The study engaged 59 participants, all who were right-handed and experiencing MCI. They were randomly assigned to one of two groups, each either undergoing SRT or MST.1

When participants engaged in SRT, researchers noticed a reduced activation in sensory cortical regions. Within the MST group, hippocampus and lateral and rostral prefrontal cortex activation improved while engaged in training. As learning and memory rely upon engagement of the hippocampus and other medial temporal regions, MST was deemed supportive for memory formation.1

“Our findings suggest that MST may be restorative,” Sathian said. “If this can be confirmed, it would offer great promise.”

Though observed only in a small group of participants, Sathian believes the results have immediate implications for referring physicians to consider.

“We would like physicians to consider the utility of cognitive training for their patients with MCI and refer patients to practitioners who can offer this treatment,” Sathian said, “including neuropsychologists and speech therapists. We offer MST in the Neurology Clinic and look forward to being able to help as many people as we can.”

What the future may hold

As research continues to develop medical therapies to treat MCI and other memory issues, the lead member of the research team, Dr. Benjamin Hampstead — who began this work with Sathian and others at Emory University 15 years ago — is investigating the effects of combining MST and neurostimulation (transcranial direct current stimulation [tDCS]). Sathian thinks this combination of therapies could lead to even better outcomes, and the largest steps in the treatment of MCI and subsequent mental decline will likely come from a proper combination of therapies prescribed to the proper patient.

“Disease-modifying medications for Alzheimer’s disease, the most common cause of neurodegenerative dementia, are on the horizon,” Sathian said. “Most likely, the first such treatments will, at best, slow disease progression, so that there will be an even greater need for cognitive training. My view is that there is a bright future for synergistic approaches, such as MST and tDCS, or MST and disease-modifying medications.”

A head-and-shoulders photo of Krishnankutty Sathian, MBBS, PhD

Krishnankutty Sathian, MBBS, PhD

Professor of neurology, neural and behavioral sciences, and psychology, Penn State College of Medicine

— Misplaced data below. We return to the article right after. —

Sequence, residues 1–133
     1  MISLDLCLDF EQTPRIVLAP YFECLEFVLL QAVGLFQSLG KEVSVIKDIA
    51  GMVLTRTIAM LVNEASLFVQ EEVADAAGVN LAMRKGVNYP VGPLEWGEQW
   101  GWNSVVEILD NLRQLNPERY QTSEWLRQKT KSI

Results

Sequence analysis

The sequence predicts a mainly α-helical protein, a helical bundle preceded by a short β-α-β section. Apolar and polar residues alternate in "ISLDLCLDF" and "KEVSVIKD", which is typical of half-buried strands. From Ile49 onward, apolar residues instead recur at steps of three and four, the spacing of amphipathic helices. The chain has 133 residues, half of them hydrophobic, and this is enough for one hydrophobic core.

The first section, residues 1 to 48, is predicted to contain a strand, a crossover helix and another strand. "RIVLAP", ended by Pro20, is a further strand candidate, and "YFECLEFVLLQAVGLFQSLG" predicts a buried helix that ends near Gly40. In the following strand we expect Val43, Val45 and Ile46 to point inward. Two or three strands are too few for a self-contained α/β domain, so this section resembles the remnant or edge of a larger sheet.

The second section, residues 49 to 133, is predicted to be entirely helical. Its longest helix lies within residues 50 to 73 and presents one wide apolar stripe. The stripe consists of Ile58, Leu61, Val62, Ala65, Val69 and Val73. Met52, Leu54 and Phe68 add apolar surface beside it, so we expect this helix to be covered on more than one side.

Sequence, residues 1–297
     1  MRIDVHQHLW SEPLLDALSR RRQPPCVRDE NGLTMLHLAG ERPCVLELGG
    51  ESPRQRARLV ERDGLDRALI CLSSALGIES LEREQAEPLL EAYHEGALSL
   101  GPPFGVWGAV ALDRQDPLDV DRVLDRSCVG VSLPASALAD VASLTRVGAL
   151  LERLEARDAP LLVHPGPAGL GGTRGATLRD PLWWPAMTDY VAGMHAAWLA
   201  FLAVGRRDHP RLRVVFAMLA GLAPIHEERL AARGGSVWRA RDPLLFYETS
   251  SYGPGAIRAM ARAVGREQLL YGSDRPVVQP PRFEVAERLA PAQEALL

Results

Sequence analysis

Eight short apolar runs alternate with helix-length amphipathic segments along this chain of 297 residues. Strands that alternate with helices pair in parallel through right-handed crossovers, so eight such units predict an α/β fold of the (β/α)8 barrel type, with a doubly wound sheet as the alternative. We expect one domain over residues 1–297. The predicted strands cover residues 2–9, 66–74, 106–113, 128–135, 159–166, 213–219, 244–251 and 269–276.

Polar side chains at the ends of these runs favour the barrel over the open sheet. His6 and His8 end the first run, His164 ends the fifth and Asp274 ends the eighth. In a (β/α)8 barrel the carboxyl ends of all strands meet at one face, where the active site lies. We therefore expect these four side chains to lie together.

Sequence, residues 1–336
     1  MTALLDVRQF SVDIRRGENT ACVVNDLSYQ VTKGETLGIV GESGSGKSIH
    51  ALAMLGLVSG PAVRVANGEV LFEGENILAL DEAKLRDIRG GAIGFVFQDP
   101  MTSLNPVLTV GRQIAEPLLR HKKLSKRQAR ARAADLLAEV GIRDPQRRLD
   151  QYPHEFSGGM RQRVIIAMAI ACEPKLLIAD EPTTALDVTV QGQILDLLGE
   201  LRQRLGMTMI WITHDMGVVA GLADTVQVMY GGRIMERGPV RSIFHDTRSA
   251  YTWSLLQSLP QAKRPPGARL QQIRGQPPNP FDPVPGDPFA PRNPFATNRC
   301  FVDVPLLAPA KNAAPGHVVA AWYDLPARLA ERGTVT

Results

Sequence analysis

Chair of neurology, Penn State Health Milton S. Hershey Medical Center Director of Neuroscience Institute, Penn State Health Milton S. Hershey Medical Center
Phone: 800-243-1455
Email: ksathian@pennstatehealth.psu.edu
Residency: Neurology, The University of Chicago Medical Center, Chicago
Medical School: Christian Medical College, Vellore, Tamil Nadu, India
PhD: The University of Melbourne, Australia
Connect with Krishnankutty Sathian, MBBS, PhD, on Doximity

References

  1. Hampstead BM, Stringer AY, Iordan AD, Ploutz-Snyder R, Sathian K. Toward rational use of cognitive training in those with mild cognitive impairment. Alzheimer’s Dement. 2022; 1- 12. https://doi.org/10.1002/alz.12718
  2. Hampstead BM, Stringer AY, Stilla RF, Sathian, K. Mnemonic strategy training increases neocortical activation in healthy older adults and patients with mild cognitive impairment. International Journal of Psychophysiology. 2020; 27- 36. https://doi.org/10.1016/j.ijpsycho.2019.04.011

Penn State Neuroscience Institute fosters collaboration among the neuroscience-related departments and divisions within Penn State Health and Penn State College of Medicine.

Our mission is to:

Assure excellence in basic and clinical research studies that increase our understanding of the normal and diseased brain.

Promote the translation of research findings into new treatments for neurological disease.

Improve the care of patients with neurological and neurobehavioral diseases.

Provide a rich intellectual environment that enhances the educational experience in all neuroscience disciplines.